Neuroendocrine function and hypothalamic control
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Neuroendocrine function and Hypothalamic control. Neuronal regulation (e.g., of the cardiovascular system); what is the point?.

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Neuroendocrine function and Hypothalamic control

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Neuroendocrine function and Hypothalamic control


Neuronal regulation (e.g., of the cardiovascular system);what is the point?

  • CV system regulates quite well with no neuronal input. Heart beat regulated by intrinsic pacemakers and arteriolar constriction regulated by local agents and circulating hormones.

  • At rest that is fine, but when the organism is challenged, then there is a need to alter overall CV output and local circulation.


Parallel pathways regulate arterial pressure, but their time constants are very different.


Blood volume

  • Intake – output.

  • Regulated by Aldosterone, Angiotensin, Atrial Natriuretic Peptide, Vasopressin, etc.

  • Kidney main organ regulating volume homeostasis.


It’s the flow that is important

Regional blood flow is important and acute changes in it are largely regulated by the nervous system.


What are the ultimate neuronal controls of blood flow

  • Sympathetic nervous system (NE+)

  • Parasympathetic nervous system (Ach+)

  • Circulating hormones

  • Locally released hormones

  • Local neuronal and glial regulation in the brain


Feedback control of nervous system regulation of CV system

  • Baroreflexes

  • Chemoreceptors

  • O2/CO2 receptors

  • Pain

  • exercise

  • Stretch

  • Heat

  • Nutrition


Baroreflexes

  • High pressure receptors in the aorta and carotid artery

  • Low pressure (cardiopulmonary receptors) atria


Both the IX and X nerves carry baroreceptor information to the brain. Other baroreceptors located throughout the body organs, but their influence is less global.


Variability of AP control without baroreceptor feedback.


Chemoreceptors

  • Especially sensitive to O2 and CO2


CNS regulated neurohormones in CV control


SNS activates renin release in the kidney

  • Renin in the circulation converts anagiotensinogen to A I and ACE converts AI to vasoactive AII.

  • Also regulated by plasma ions (esp. NaCl)

  • Local AII system in brain and kidney and heart.


Renin-Angoiotensin/nervous system interplaypromotes vasoconstriction via

  • Directly acting through AT1 receptors on arterioles

  • Increasing presynaptic release of NE from sympathetic nerves

  • Blunting baroreflex restraint

  • Activating circumventricular organs, esp. SFO and AP to increase SNS activity and drinking and regulates vasopressin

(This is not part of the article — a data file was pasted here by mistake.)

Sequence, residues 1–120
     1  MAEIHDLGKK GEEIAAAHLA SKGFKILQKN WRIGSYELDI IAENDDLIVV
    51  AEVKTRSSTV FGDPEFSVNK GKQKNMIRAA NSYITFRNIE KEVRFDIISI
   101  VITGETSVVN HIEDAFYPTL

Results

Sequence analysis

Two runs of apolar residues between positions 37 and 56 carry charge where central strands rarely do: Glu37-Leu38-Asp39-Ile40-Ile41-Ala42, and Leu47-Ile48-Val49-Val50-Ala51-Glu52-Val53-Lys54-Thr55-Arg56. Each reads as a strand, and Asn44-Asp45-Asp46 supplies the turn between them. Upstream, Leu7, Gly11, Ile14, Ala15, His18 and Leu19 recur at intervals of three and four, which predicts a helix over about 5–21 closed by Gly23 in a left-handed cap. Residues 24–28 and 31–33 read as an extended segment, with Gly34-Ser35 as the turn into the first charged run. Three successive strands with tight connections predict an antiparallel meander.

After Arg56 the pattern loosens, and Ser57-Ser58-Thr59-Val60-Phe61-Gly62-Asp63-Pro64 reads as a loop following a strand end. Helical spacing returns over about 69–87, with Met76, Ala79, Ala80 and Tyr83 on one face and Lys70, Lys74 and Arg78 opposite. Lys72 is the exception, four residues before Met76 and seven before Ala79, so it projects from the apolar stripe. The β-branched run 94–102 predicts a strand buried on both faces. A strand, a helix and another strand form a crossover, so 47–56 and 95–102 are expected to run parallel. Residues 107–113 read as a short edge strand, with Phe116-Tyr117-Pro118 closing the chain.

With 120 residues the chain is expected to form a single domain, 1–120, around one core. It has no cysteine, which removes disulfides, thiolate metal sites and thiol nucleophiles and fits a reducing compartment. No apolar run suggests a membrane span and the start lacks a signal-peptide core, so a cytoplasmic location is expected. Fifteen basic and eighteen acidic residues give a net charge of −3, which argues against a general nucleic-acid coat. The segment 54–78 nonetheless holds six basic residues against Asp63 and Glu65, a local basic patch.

Vasopressin(AntiDiuretic Hormone; ADH)

  • Released into the circulation by neurons in the hypothalamus

  • Circulating AVP elicits vasoconstriction via V1 receptors and induces antidiuresis via v2 receptors in the kidney

  • Also alters baroreflex and tonic control of SNS activity by direct release from neurons and circulating AVP diffusing to neurons


CNS controls Norepinephrine (NE) & Epinephrine (Epi) release, but these catecholamines have different actions

  • Beta-adrenergic receptors have much higher affinity for Epi << NE, while alpha-AR have the opposite affinity.

  • Beta-AR (vasodilatory) numerous on heart and arterioles in heart and skeletal muscle

  • Alpha-AR much more prominent on peripheral arterioles and vasoconstrict.

  • Stimulation of adrenal medulla increases heart and skeletal muscle related vasodilation and HR.


Unlike an injection of NE which raises BP and HR via alpha1-AR equally, epinephrine injections act primarily on beta-AR increasing HR/contractility and thereby increasing CO. BF is increased to the skeletal muscle heart and brain but decreased to the kidney and skin. TPR is reduced as reflected in decrease in diastolic pressure. Increase in CO reflected in increased systolic arterial pressure.


VII.Autonomic Nervous System


Integrated Neurendocrine regulation of the CV system


Brain areas involved in neuroendocrine and autonomic regulation


Rostral Ventral Lateral Medulla (RVLM)

  • RVLM generates sympathetic tone.

  • Appears that the RVLM vasomotor neurons are final integrators of a large amount of information relative to CV control.


Sensory regulation of RVLM via nucleus of the solitary tract (NTS)

  • Both high and low pressure baroreceptor feedback to the brain synapses in the NTS

  • Gustatory and other inputs also reach NTS in discrete regions

  • The NTS has widespread projections to forebrain and medulla


NTS

AP


Brainstem BP control pathway

ANGIOTENSIN


Higher control


I.Hypothalamus (Head autonomic ganglion)